PHYS320 Lab 26 Geometric Optics

Experiment 1: Drawing Ray Diagrams 5.06 14.


1. Use the lens equation to predict the image distance for each case—you will have to rearrange the equation to solve for si. Remember, f is positive for a concave mirror, negative for a convex mirror, and positive for a converging lens. Write down whether the image is real or virtual in each case.

2. Measure the distance from the lens to the image on your diagrams—do your predicted image distances match what you got using the lens equation?

3. The magnification for each case is found by taking the image height divided by the object height, or m = hi / ho . For an upright image, m is positive, and for an inverted image, m is negative. What is the magnification in each of your cases?

Experiment 2: Exploring Mirrors


1. Is your image in the convex mirror a virtual image or a real image? How do you know?

2.Did this mirror give you a good view of a lot of objects to either side of you? Where have you seen mirrors like this used, and what do you think makes them useful?

3.When you held the concave mirror close to you, was the image real or virtual? How do you know?

4.How did the magnifications compare for each mirror (i.e. how big was your image in each case)?

5.What happened to your image in the concave mirror as you moved it gradually away?

6.Based on what you observed, give an estimate for the focal length of the concave mirror.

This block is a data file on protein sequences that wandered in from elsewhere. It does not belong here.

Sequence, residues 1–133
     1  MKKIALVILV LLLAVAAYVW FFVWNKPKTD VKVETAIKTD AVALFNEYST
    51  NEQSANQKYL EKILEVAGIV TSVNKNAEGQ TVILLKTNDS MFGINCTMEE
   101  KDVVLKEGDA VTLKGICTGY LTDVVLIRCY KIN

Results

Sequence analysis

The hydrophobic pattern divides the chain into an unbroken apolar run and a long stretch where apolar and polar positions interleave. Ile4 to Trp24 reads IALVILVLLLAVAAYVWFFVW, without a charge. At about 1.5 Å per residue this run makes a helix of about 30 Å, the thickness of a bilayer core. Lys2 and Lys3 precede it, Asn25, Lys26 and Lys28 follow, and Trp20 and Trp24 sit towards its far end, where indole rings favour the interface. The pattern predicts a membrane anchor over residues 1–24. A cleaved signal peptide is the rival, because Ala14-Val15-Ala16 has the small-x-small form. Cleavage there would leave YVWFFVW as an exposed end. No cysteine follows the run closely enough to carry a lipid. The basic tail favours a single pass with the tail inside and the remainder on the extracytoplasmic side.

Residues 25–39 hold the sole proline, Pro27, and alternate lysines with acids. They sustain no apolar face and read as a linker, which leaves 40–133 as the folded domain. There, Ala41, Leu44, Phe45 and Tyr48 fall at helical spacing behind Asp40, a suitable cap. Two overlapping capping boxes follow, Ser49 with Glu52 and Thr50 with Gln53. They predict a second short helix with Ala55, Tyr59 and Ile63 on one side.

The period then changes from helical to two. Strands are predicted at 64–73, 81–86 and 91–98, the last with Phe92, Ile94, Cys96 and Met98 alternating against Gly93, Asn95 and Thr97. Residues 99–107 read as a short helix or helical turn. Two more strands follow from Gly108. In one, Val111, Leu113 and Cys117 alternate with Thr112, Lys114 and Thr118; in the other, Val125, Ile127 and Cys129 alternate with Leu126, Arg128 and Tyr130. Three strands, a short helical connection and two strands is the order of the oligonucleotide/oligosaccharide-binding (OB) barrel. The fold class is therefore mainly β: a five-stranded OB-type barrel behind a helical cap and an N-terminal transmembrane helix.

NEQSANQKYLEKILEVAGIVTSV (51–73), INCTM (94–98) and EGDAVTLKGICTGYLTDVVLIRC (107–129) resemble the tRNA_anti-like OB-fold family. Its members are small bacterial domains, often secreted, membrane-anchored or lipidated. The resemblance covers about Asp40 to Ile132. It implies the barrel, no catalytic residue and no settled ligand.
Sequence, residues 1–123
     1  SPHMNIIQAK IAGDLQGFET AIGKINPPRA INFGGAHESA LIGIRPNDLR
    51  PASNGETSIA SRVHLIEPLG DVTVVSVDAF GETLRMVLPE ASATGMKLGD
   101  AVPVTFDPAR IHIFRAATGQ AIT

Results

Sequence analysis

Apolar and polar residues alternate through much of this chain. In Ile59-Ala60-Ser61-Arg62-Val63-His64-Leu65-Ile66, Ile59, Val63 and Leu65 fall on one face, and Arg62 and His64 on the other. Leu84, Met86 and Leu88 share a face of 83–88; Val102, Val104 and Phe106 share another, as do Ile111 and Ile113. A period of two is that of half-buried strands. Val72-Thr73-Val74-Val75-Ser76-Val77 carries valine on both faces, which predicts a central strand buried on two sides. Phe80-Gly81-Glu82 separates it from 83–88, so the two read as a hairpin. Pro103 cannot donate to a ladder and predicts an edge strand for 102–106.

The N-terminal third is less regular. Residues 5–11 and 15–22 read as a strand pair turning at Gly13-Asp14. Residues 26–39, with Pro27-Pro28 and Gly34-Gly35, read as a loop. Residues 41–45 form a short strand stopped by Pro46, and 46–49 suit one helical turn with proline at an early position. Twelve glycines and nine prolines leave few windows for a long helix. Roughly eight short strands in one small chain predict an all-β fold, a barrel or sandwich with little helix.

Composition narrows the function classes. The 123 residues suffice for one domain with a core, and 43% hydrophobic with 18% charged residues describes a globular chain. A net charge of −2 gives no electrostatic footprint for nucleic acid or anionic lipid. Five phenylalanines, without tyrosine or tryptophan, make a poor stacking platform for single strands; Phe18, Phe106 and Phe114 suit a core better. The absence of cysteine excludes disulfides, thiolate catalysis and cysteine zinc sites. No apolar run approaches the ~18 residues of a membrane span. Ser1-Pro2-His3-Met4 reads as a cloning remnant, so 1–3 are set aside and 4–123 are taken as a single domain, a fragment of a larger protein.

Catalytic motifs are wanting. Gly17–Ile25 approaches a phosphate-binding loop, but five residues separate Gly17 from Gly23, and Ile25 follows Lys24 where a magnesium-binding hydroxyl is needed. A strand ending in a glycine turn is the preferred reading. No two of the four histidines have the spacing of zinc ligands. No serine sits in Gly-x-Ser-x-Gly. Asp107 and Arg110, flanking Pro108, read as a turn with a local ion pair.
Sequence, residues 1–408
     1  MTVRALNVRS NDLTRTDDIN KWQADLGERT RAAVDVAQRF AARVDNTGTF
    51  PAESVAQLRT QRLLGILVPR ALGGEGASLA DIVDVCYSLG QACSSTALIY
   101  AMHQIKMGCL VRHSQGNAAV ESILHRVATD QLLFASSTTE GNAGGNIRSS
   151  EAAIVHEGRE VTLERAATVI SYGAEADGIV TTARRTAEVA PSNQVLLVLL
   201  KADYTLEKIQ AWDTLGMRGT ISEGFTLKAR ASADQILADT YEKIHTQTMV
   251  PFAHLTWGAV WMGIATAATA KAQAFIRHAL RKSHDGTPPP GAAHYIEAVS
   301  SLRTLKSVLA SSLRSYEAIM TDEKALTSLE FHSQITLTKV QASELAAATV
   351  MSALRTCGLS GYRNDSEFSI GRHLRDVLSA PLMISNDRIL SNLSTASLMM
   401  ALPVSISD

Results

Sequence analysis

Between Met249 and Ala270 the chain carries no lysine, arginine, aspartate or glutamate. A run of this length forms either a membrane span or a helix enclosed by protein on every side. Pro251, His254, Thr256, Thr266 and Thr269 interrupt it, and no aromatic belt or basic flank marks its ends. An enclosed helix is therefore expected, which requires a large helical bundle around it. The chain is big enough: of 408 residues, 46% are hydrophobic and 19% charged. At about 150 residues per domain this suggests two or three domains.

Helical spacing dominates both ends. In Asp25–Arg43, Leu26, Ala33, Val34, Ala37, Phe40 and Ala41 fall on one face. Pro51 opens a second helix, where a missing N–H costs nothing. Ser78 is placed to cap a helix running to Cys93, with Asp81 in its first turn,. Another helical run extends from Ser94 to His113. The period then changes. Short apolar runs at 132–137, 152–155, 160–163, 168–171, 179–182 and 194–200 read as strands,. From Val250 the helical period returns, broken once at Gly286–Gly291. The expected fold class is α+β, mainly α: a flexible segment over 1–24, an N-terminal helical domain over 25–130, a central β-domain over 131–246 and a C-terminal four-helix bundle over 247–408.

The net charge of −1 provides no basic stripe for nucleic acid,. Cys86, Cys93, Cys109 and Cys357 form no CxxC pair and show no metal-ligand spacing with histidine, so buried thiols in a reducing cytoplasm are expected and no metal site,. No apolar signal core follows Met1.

Experiment 3: Exploring Lenses


1. Did objects appear larger or smaller looking through the concave lens? What kind of image do you see through this lens, and how do you know?

2. Did objects appear larger or smaller looking through the convex lens? What kind of image is this, and how do you know?

3.What happened when you moved the lens too far away from the object? Knowing the difference between real and virtual images, explain why this happens. (Go back to Exercise 1, and note the difference between the two convex lens diagrams you drew).

4.What kind of image did you view on the screen in Procedure 2? How do you know?

5.Explain why you need the screen to view the image in this case.

6.Is it possible to view a virtual image with a screen? Why or why not?

7.How is the orientation of the image (right-side-up or upside-down) helpful for determining the type of image? Take a look at Figure 5 for some help.

Experiment 4: Mirror Images


1. As you moved the flashlight closer to the mirror, what generally happened to the image distance?

2. What was the average focal length you measured for the mirror?

3. What would the image distance si be for an object 10 m away? (Hint: you can approximate that a very far object is “at infinity”).

4.Where would the image be located if you placed the flashlight 10 cm away? Would you be able to detect this image using the same method?


PHYS320 Lab 26 Geometric Optics
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